But the idea that somebody might choose not to publish—or might choose to publish in a small circulation magazine rather than a large circulation one—can look downright bizarre in the age of the blog and the tweet. The space between the writer and the reader is evaporating.
Jed Perl, Alone with Words
I think Perl might see this differently if he had a blog. The ratio of posts to drafts no doubt varies dramatically from blogger to blogger - but after all, the simple fact that all blogs offer the facility of a drafts folder implies that bloggers may not choose to publish everything they write.
I think my ratio of drafts to posts is about 9:1; it's embarrassing, in a way, because the word count would probably add up to a couple of books, but I think it's a way of thinking things through before bringing them into a book.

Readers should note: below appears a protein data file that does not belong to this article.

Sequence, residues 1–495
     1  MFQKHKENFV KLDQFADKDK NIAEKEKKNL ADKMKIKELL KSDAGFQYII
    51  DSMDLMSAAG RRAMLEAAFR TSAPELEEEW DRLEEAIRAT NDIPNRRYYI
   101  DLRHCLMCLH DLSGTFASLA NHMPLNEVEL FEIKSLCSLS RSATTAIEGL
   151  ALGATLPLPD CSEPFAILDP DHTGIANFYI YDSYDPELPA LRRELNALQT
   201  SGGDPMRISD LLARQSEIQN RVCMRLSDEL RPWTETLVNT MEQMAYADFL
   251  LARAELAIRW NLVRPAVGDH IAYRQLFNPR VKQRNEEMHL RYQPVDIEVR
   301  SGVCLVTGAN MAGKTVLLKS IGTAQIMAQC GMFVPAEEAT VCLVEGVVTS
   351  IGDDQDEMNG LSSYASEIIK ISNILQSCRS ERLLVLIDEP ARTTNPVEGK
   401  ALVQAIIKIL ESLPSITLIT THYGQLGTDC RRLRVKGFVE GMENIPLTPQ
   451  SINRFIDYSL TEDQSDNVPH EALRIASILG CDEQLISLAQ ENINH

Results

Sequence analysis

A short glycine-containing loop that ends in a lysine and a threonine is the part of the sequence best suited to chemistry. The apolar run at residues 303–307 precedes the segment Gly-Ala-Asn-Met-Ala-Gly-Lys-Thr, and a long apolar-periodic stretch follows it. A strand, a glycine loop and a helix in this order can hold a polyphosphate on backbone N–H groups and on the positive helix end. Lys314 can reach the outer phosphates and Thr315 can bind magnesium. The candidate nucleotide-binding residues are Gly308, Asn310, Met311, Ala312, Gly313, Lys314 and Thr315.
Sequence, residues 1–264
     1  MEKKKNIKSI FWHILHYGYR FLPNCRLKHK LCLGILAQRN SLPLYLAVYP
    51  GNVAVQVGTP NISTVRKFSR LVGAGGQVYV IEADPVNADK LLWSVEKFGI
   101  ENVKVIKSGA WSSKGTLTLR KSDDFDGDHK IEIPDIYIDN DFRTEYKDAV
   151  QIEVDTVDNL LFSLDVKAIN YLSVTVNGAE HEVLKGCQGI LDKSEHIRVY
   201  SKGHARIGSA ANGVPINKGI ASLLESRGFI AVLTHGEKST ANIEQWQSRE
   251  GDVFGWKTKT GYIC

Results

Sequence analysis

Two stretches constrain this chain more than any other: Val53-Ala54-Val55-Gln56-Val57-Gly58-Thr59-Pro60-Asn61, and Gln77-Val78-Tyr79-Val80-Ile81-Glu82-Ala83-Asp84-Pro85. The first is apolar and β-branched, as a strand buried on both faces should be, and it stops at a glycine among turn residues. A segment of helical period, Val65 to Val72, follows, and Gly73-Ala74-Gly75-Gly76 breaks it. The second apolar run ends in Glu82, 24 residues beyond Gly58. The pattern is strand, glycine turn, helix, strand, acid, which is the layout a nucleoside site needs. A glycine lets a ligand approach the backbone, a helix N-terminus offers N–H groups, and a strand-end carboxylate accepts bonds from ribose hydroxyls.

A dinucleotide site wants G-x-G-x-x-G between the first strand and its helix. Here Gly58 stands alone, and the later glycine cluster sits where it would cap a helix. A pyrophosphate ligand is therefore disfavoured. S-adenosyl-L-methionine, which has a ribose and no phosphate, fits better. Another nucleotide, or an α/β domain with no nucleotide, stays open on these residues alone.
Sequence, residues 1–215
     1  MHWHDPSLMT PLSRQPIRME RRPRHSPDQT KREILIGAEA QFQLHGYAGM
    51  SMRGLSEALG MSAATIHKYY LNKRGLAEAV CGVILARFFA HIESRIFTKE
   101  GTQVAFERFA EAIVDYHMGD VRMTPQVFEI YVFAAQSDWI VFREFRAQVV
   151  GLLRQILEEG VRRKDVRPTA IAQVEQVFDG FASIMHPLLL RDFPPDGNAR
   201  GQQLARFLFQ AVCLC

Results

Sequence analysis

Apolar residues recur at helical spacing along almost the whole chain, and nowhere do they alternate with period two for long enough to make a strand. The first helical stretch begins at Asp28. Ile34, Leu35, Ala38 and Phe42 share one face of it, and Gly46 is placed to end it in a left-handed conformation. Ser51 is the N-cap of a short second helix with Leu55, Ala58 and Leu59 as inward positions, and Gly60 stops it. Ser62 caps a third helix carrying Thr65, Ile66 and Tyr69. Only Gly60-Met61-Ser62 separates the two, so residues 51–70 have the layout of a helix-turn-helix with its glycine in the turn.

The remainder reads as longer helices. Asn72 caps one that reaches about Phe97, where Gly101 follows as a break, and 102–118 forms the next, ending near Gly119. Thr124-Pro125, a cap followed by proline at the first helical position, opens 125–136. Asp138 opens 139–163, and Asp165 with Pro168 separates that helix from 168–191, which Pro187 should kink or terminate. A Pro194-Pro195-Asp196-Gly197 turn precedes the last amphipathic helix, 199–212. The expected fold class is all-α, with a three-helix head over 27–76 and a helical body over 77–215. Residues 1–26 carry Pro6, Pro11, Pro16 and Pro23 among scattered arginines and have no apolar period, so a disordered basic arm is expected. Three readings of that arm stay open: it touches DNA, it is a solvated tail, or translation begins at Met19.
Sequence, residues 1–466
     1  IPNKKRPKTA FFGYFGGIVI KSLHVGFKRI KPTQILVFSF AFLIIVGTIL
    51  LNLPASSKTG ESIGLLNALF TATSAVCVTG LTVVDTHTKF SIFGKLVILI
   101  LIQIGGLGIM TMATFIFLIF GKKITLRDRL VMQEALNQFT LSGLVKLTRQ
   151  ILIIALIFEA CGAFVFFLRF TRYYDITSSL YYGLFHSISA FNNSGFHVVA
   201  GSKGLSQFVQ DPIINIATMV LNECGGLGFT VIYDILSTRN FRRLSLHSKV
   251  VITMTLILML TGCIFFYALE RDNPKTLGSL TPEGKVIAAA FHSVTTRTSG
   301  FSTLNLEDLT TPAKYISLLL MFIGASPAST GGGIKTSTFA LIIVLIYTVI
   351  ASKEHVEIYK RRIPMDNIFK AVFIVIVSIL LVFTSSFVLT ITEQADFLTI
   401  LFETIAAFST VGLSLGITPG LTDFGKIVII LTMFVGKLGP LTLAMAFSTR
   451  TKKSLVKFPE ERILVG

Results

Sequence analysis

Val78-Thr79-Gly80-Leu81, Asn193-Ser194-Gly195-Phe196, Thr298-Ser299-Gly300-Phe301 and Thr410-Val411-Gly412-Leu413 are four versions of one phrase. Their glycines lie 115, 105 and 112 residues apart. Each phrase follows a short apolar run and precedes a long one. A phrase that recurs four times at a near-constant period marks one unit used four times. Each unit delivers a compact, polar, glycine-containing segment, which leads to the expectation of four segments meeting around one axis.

Most bloggers have access to some kind of analytics, so they know how many readers they have - for the vast majority, surely, well below that of a small circulation magazine. And if you don't want to feel as though you're addressing any audience at all, it's easy enough to have a blog where no one ever goes. (You could make it private, but you don't actually have to.) My other blog isn't a secret, but I haven't linked to it on my website and nobody else ever links to it either. I put things there that I may want to find later; if something is in a language other than English I'd feel I should translate if I put it here, but since it's for my own reference I put it there.
I recognise the thing Perl talks about, the difference between writing for yourself and writing for others - having the other blog actually helps to clarify that difference, which I do think an important one.